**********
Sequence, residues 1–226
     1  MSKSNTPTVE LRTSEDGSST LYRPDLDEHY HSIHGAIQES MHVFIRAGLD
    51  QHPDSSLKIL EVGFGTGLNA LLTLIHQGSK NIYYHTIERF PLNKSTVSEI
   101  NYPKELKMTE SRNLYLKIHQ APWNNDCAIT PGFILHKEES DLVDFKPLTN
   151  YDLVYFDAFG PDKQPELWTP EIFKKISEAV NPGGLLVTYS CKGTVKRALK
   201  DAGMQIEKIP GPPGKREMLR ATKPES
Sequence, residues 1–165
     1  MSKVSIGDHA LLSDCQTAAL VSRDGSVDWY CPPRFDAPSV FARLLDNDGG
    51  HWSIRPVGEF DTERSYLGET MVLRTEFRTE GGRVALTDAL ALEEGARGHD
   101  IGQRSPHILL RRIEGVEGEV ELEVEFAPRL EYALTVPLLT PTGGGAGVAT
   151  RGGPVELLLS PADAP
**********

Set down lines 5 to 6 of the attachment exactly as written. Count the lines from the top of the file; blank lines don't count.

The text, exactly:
   151  YDLVYFDAFG PDKQPELWTP EIFKKISEAV NPGGLLVTYS CKGTVKRALK
   201  DAGMQIEKIP GPPGKREMLR ATKPES